We must arrange a virtual meeting. Is tomorrow too soon?

Our hearts are with you all. Mine is yours forever.


Slava Ukrayini.

Women evacuated from Azovstal steel plant in Mariupol stand next to service members of pro-Russian troops at a temporary accommodation centre in the village of Bezimenne. Photograph: Alexander Ermochenko/Reuters

Sunday, May 8th – Chayka Air Virtual Meeting

Cold Lake, Canada (15.00) and Luhansk, Ukraine (00.00)

Vasy Holub: Apologies for making the family wait while we honoured the Fallen.

Leonid Sokol: No problem. The time difference means we were running fund-raising aerobatics in aid of Ukraine.

Marko Holub: For our Motherland. Which is why your father will assist Ksenia’s brother and comrades. But he warns there are risks. The far right here in Canada could misuse this support.

Ksenia Zelenko: We’re still grateful. Kyrylo wanted to join us, but the siege hardly pauses. Life is dire. Starvation, infected wounds, and when their water runs out the inevitable end.

Marko Holub: A desperate crisis so our government must act. We hear Zelenskiy’s pleas but feel powerless. You three… night witches are fighting for everyone. We’re relieved our prime minister Trudeau visited Kyiv today—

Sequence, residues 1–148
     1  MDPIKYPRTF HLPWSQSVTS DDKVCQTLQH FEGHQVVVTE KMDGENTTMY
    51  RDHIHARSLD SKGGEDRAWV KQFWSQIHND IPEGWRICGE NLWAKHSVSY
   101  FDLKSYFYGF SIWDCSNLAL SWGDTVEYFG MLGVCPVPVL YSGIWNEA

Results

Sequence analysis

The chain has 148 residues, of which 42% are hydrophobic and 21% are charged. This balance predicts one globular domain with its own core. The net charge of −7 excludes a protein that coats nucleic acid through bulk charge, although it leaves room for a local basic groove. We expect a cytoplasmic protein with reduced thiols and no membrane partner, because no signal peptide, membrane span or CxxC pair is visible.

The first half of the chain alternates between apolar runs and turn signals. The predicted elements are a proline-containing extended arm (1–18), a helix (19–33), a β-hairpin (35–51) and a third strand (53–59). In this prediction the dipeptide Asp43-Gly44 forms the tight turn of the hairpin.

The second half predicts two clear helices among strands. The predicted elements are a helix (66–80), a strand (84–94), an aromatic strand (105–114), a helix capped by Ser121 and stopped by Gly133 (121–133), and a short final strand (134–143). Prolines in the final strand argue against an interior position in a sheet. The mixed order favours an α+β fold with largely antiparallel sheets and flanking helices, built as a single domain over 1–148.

Leonid Sokol: — and agreed to expand economic and defence cooperation.

Kalyna Sokol: We’re proud to be Canadian and Ukrainian. Especially on this Day of Remembrance and Reconciliation marking the end of World War II. Let’s hope Putin doesn’t escalate this war in his Victory Day speech tomorrow.

Vasy Holub: Which could play into far right hands. Ironic this invasion has strengthened their influence. I fear what lies ahead. More death and devastation.

Ksenia Zelenko: And a false peace if Putin is allowed to seize our eastern provinces. We will only have a good day when we win outright. Slava Ukrayini.

1944 Polikarpov Po-2 of The Shuttleworth Collection, United Kingdom
Ukrainian Air Force Su-27 at the RIAT 2018 airshow

Thursday, May 12th –  Sievierodonetsk, Ukraine

Kalyna Sokol  ksokol@chaykair.ca

To: lsokol@chaykair.ca

Darling Leonid,

News services will show footage of our latest blow to the invaders. You gotta reap just what you sow. I know you all fear for our safety, but rest assured we’re safe.

Today, we flew a dawn raid to help our ground forces repel multiple enemy attempts to cross a strategic river here in the Donbas. Our forces inflicted heavy losses, but the Russians will retaliate. Sievierodonetsk may be targeted. So, we’ll move to another temporary airstrip. Witches keep flying.  

My love forever. I miss your arms around me.


Slava Ukrayini.

Friday, May 20th –  Mariupol, Ukraine

Kyrylo Zelenko kzelenko97@psu1.ua

To: k.zelenko99@psu2.ua

Lyuba Ksenia,

This may be a farewell message. I dread never seeing you again, dearest sister.

We have orders to surrender our positions to the enemy.

Inevitable as we’re struggling in unsanitary conditions, wounds bandaged with non-sterile rags, no essential medicine or water.